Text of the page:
The window of a train where a woman died after leaning out and hitting her head on a branch was fitted with a warning sign, an initial investigation has found.
A yellow Caution label above the door read ‘Do not lean out of window when train is moving’, the Rail Accident Investigation Branch (RAIB) has reported.
Today the RAIB released initial findings from its investigation into the death of Bethan Roper, 28, who died returning home from a Christmas shopping trip December 1.
The charity worker, from Penarth in south Wales, suffered fatal head injuries when she leaned out of the window of a train travelling 85mph between Bath and Keynsham in Somerset.
She was pronounced dead at Bristol Temple Meads station.
A statement from the RAIB reads: “At around 22:04 hrs on 1 December 2018, a passenger travelling on a train from Bath to Bristol struck her head on a tree branch near to Twerton, about 1.5 miles (2.4 km) west of Bath Spa station.
“The train was travelling at about 85 mph (137 km/h) and the passenger sustained fatal injuries.
“The train was the 20:30 Paddington to Exeter service formed of a GWR High Speed Train (HST).
Witness evidence indicates the passenger was standing at a door on the side facing away from the other track.
The report continued: “The door was fitted with an opening droplight window, which is used to access the door handle fitted to the outside of the door.
“A yellow ‘Caution’ label above the door states ‘Do not lean out of window when train is moving’.
“The window was reported to have been opened and the passenger had her head out of the window.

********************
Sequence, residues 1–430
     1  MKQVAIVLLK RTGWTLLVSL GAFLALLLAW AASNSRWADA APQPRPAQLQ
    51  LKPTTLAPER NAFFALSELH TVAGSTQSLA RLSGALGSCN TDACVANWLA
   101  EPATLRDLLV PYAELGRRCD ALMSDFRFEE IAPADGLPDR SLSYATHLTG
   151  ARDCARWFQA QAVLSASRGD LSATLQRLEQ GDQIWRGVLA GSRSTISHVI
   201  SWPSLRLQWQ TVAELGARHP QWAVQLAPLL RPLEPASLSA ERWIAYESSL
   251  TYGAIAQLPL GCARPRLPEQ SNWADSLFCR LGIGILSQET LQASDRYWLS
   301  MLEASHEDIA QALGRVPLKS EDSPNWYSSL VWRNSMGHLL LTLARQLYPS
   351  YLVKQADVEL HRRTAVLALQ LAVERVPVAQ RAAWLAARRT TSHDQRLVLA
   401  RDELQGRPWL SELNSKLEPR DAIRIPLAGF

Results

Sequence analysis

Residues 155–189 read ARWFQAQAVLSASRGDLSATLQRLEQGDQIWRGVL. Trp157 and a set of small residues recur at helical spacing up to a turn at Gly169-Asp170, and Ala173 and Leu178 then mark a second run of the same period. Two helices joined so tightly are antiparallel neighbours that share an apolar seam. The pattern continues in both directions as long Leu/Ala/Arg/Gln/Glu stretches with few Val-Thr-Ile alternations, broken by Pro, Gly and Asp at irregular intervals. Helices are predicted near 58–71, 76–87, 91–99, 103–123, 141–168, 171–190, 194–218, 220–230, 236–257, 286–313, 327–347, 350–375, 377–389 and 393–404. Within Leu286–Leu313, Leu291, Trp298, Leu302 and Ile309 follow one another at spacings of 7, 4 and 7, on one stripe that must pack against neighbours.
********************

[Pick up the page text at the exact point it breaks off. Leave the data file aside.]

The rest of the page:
“Our investigation will encompass examination of the measures in place to control the risks from persons leaning out of train windows, including the threat from vegetation.”
An inquest into her death was opened and adjourned on December 19 2018 at Avon Coroners’ Court, near Bristol. It will resume on March 20.
Bethan was working for the Welsh Refugee Council at the time of her death, having graduated from Cardiff Metropolitan University in 2013.
The charity, a sister organisation to the UK-wide Refugee Council, works to help asylum seekers and refugees in Wales.
She was also a campaigner and chairman of Young Socialists Cardiff.
Bethan’s family have previously paid tribute to their daughter.
Bethan’s father, Adrian, said: “Bethan had a big close network of friends with whom she loved to go to music festivals and clubs or just spend time with, talking and laughing.
“She also travelled the world for six months with her soulmate, Lizzy, making more friends from around the world.
“They also went cage-diving with sharks in South Africa several times together.
“She was an avid reader, podcast listener and film watcher, with a deep insight into the world around her.
“She enjoyed life to the full whilst working tirelessly for a better world. She was also a much loved sister, daughter, grand-daughter and niece.
“All of us who knew Bethan have been very privileged. She was beautiful in every way.
“Our pain couldn’t be sharper or more justified, but I know that her goodness and fullness of spirit will live on in our hearts and actions.”